The White House nominates a diverse list of candidates for the Fed’s board of directors.

President Biden on Friday nominated three new Federal Reserve officials as he seeks to reform the central bank at a critical economic moment.

The White House nominated Sarah Bloom Raskin as the Fed’s vice chair for supervision, a job created after the 2008 financial crisis to control the country’s largest banks. He also nominated Lisa Cook, an economist at Michigan State University who has researched racial inequalities and labor markets, and Philip Jefferson, an economist and administrator at Davidson College, for governorship positions. Both are black.

Mr. Biden had previously nominated Jerome H. Powell for a second term as Fed chairman and Lael Brainard, now a governor, as central bank vice-chair. If all of his picks are confirmed, the seven-member Fed board in Washington would be the most diverse group in its history.

The administration had promised to make the Fed more like the public it served, and prominent lawmakers have pushed for a focus on tighter financial regulation. The central bank is independent of politics in its activities — answerable only to Congress and not to the White House — but Mr. Biden has had the opportunity to remake the central bank through nominations, by five out of seven officials in Washington.

“I have full confidence in the strong leadership of this group of nominees, and that they have the experience, judgment and integrity to lead the Federal Reserve and help rebuild our economy for working families,” the statement said. Mr Biden in a statement. statement announcing the decision.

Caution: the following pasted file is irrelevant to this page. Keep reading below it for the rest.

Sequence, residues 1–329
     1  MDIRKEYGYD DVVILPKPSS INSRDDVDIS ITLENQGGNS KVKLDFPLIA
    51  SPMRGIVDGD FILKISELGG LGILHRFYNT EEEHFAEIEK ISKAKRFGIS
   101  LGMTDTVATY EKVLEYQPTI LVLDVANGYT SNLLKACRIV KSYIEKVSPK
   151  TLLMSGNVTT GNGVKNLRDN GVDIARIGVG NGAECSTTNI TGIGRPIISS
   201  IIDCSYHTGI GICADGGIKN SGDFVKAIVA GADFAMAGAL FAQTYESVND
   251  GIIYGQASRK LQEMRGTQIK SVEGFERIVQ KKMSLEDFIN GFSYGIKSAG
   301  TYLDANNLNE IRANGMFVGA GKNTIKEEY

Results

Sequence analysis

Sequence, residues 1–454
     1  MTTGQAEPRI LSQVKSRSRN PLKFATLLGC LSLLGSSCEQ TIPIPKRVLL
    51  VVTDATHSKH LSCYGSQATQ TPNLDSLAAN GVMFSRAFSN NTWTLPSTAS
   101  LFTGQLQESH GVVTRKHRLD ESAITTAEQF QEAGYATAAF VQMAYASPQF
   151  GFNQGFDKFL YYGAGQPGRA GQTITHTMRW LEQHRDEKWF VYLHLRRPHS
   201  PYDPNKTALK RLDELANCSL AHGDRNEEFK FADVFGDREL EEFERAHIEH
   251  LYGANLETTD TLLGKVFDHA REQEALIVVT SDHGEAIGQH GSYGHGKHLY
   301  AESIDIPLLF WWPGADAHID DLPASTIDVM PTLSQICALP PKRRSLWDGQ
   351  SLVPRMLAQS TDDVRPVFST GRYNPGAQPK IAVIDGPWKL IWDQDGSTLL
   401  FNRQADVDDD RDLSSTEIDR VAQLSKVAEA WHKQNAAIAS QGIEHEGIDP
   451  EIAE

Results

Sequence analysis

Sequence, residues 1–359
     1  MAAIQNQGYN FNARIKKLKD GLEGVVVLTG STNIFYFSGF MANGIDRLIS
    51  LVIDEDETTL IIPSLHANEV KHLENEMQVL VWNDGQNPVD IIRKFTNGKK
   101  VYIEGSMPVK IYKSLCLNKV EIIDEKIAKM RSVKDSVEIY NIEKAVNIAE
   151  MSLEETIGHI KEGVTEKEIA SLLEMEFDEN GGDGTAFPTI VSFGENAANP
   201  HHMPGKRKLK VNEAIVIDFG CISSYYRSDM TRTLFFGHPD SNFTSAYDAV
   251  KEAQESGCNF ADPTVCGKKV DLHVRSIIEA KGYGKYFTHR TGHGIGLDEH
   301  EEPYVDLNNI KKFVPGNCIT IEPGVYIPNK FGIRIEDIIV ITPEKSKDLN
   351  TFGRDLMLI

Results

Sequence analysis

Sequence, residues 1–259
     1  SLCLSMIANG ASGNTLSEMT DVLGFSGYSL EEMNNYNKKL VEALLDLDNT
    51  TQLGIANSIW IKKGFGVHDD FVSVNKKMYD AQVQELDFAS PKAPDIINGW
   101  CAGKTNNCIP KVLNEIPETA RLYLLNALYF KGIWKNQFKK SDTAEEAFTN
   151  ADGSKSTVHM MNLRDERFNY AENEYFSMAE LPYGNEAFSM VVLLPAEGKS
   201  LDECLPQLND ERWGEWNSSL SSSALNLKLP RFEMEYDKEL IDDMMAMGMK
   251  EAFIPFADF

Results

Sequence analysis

The Fed tries to steer the economy using borrowing costs and has two main goals: to keep prices stable and to promote full employment.

Democrats tend to focus on the jobs side of that equation, but in the past year that script has turned around to some degree. Inflation is at its fastest pace since 1982 as the economy rapidly recovers from the pandemic, eroding paychecks and damaging consumer confidence. Getting prices under control has increasingly become a priority between parties.

Ms. Cook and Mr. Jefferson will both bring years of academic experience and economics training into their roles, and both will vote on interest rate policy constantly.

Ms. Cook attended Spelman College and the University of Oxford and received a PhD in economics from the University of California, Berkeley. She was an economist on the White House Council of Economic Advisers under President Barack Obama. Mr. Jefferson has worked as a research economist at the Fed and studied at the University of Virginia and Vassar College. He has written on the economics of poverty, and his research has explored whether monetary policies that encourage investment with low interest rates help or harm lower-skilled workers.

Mrs. Raskin’s new job would make her the best bank agent in the country. She has extensive experience in Washington and has held senior positions at both the Federal Reserve and Treasury in the past. She has also worked in the private sector and teaches law at Duke University.

A Harvard-educated lawyer who studied economics at Amherst College, she has a track record of pushing for tougher banking regulation—something that makes her popular with Democrats, but could earn her some serious endorsement.

All nominees require a simple majority to gain confirmation, meaning they can plausibly pass with just Democrat votes, but given the party’s limited control over the Senate, they must either maintain the support of all of its members or number of Republicans garner support.

Pennsylvania Republican Senator Patrick J. Toomey made it clear in a statement released shortly after the selection that he is concerned about Ms. Raskin’s nomination and how she would approach financial regulation.

“I am deeply concerned that she would abuse the Fed’s limited legal mandates on monetary policy and banking supervision to actively involve the central bank in capital allocation,” he said in a press release after news of the choices Thursday night. became known.

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